Read his concise, yet powerful, article here.
Claude Hopkins is one of the true pioneers of direct response advertising. Ask any direct marketer worth their weight in salt and they’ve read his books Scientific Advertising and My Life in Advertising… many times.
The following quote is from My Life in Advertising…
“People are like sheep. They cannot judge values, nor can you and I. We judge things largely by others’ impressions, by popular favor. We go with the crowd. So the most effective thing I have ever found in advertising is the trend of the crowd.
That is a factor not to be overlooked. People follow styles and preferences. We rarely decide for ourselves, because we don’t know the facts. But when we see the crowd taking any certain direction, we are much inclined to go with them.”
Claude Hopkins wrote these words in 1927. And they are just as true now as they were then. The only thing that’s changed is the ways that are available to demonstrate the trend of the crowd behind your company including…
And that’s just the tip of the iceberg.
I’ve said before that the web has not changed the fundamentals of effective marketing. What it’s changed are the TOOLS you have at your disposal to take marketing strategies that have worked for decades and execute them in new ways.
Social Proof is programmed into our brains. We’re all afraid of making bad decisions and will often rely heavily on the trend of the crowd to guide us in making decisions.
Adding elements of Social Proof to your site puts the power of the crowd behind you and can heavily influence a prospect’s decision to do business with you or not.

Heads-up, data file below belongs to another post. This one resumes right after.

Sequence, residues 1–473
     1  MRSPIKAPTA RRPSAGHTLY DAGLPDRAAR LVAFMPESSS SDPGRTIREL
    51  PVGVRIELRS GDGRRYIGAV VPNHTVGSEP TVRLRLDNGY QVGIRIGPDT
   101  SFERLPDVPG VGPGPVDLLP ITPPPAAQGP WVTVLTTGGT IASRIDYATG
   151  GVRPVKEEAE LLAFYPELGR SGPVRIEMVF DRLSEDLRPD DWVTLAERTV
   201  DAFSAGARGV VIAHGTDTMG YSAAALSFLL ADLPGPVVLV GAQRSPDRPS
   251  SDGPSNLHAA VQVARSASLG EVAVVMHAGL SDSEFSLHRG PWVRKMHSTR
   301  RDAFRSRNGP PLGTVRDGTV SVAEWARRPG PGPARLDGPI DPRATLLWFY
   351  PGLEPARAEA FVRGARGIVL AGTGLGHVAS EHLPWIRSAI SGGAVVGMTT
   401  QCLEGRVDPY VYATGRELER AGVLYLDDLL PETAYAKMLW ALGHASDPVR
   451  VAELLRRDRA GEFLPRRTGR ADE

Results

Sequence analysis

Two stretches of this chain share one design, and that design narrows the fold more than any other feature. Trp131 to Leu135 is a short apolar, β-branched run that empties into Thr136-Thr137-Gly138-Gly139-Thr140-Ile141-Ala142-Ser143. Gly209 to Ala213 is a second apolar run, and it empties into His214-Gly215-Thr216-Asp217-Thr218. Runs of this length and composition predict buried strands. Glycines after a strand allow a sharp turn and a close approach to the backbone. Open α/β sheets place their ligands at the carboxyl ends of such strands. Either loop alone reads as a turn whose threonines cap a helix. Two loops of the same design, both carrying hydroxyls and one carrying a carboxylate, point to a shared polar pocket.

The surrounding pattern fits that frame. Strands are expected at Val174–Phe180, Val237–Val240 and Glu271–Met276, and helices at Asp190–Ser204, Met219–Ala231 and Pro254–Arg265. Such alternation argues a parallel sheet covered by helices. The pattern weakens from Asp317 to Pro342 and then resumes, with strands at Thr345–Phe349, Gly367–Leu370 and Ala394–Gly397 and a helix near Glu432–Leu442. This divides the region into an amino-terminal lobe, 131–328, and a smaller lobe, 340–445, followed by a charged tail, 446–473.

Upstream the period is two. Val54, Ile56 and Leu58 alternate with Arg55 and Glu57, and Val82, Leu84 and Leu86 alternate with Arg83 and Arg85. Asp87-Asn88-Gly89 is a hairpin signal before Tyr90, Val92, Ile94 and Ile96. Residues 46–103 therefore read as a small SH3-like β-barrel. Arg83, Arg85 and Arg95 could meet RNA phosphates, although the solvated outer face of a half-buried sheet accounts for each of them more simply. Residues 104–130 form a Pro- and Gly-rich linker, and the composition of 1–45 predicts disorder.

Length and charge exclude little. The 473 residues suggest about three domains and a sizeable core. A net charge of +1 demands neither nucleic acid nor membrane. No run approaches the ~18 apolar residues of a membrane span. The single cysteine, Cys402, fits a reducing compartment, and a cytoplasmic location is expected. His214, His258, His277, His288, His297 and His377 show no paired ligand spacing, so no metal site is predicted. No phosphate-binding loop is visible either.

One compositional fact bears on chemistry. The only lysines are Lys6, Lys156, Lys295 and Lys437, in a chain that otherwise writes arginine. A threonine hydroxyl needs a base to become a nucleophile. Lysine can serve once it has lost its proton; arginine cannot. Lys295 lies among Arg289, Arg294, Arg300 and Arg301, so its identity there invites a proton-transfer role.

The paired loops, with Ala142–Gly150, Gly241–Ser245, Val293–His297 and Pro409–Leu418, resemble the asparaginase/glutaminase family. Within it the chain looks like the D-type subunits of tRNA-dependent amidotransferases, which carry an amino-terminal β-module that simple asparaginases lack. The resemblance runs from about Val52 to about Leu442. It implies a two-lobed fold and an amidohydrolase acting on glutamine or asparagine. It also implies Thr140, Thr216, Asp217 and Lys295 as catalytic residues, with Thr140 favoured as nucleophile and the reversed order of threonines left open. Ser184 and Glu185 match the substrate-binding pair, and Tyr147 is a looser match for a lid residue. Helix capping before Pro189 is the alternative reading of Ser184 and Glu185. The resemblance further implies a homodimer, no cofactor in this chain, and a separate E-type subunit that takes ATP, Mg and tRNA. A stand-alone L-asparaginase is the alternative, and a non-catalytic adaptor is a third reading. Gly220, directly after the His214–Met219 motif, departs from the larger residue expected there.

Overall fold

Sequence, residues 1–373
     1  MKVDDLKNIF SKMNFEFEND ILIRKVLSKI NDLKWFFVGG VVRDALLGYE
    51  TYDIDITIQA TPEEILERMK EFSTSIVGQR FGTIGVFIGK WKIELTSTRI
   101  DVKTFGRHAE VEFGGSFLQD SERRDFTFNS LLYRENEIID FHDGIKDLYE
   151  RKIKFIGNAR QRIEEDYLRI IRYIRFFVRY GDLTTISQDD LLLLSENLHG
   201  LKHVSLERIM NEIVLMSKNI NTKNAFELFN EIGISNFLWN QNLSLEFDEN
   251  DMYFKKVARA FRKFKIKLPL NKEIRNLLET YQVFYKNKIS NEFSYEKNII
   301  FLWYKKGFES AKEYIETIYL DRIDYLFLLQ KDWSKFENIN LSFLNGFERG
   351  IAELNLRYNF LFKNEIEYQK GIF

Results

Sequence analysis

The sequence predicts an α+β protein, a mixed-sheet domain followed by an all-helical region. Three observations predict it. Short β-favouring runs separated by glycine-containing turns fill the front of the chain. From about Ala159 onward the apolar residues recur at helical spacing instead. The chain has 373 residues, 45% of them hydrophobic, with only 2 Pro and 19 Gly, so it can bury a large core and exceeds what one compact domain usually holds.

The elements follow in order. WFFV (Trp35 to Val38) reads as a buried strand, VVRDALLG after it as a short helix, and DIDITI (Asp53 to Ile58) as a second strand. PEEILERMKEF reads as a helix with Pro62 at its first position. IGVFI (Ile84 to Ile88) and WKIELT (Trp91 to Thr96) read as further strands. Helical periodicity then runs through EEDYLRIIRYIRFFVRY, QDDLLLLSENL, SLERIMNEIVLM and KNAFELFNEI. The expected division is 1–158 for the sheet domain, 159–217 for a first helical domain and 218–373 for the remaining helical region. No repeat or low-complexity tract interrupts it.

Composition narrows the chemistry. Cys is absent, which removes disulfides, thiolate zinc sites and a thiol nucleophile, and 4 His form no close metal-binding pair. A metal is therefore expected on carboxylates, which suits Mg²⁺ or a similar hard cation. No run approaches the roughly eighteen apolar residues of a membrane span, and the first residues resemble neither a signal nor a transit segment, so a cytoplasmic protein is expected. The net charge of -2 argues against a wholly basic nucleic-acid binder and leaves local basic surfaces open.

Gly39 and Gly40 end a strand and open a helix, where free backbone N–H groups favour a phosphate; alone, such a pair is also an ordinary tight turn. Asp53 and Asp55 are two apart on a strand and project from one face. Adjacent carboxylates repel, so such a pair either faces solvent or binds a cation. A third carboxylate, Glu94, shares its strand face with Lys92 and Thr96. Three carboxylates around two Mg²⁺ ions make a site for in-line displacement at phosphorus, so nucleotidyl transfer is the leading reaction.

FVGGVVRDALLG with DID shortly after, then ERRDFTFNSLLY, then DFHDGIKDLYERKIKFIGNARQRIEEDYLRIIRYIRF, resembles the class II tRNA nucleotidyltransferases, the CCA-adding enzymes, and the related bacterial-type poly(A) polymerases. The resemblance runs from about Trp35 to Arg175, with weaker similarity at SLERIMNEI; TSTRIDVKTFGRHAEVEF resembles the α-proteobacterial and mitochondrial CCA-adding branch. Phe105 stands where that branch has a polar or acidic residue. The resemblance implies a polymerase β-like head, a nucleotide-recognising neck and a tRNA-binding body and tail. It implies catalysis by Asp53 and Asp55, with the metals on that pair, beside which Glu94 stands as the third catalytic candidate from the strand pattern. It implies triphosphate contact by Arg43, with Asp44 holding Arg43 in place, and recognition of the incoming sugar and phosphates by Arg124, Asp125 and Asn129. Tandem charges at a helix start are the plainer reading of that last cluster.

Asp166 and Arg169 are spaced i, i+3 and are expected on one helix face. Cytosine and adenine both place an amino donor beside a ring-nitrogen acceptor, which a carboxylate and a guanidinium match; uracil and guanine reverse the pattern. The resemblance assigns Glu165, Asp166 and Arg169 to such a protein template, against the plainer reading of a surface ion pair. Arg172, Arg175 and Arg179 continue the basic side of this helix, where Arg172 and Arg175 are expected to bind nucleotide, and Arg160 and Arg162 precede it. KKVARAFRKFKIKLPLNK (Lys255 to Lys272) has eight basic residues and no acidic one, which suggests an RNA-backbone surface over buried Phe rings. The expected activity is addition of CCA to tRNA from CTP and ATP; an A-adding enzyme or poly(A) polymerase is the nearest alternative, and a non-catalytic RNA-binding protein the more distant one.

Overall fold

So use the tools at your disposal to add social proof to your marketing efforts and use them often!
I’m sure most of you have heard of marketing genius (and fellow Smokin’ Hot Piece of Brain Candy) Seth Godin.
There’s really not much to add about this video from his TED Talk in 2003. He pretty much covers it all.
But since my main newsletter article this month covers the importance of research, I want to highlight one quote from Seth’s talk…
“Find out what people want and give it to them.”
And how do you find out what people want? Observation and research.
Here’s Seth talking about giving people what they want and being remarkable…
Something a little different for you this month. Decided to shake things up a bit for the summer and have a little fun.
Each month I’m going to share with you some interesting, inspirational or intriguing words that can help you in business or in life (along with some brief thoughts from me about why these words matter).
Maybe they’re in the form of a quote. Maybe a book. Maybe a video. Or, as is the case this month, all 3!
Below you’ll get…
“One hour a day, read. Read everything in the world except your business. Read junk. Very much junk. Read so that anything that interests you will stick in your memory. Just read, just read, just read… There is your audience. There is the language. There are the words that they use.” – Eugene Schwartz (generally considered to be one of the all-time greatest copywriters)
Want your marketing to connect with your audience? Then don’t use your words…use theirs.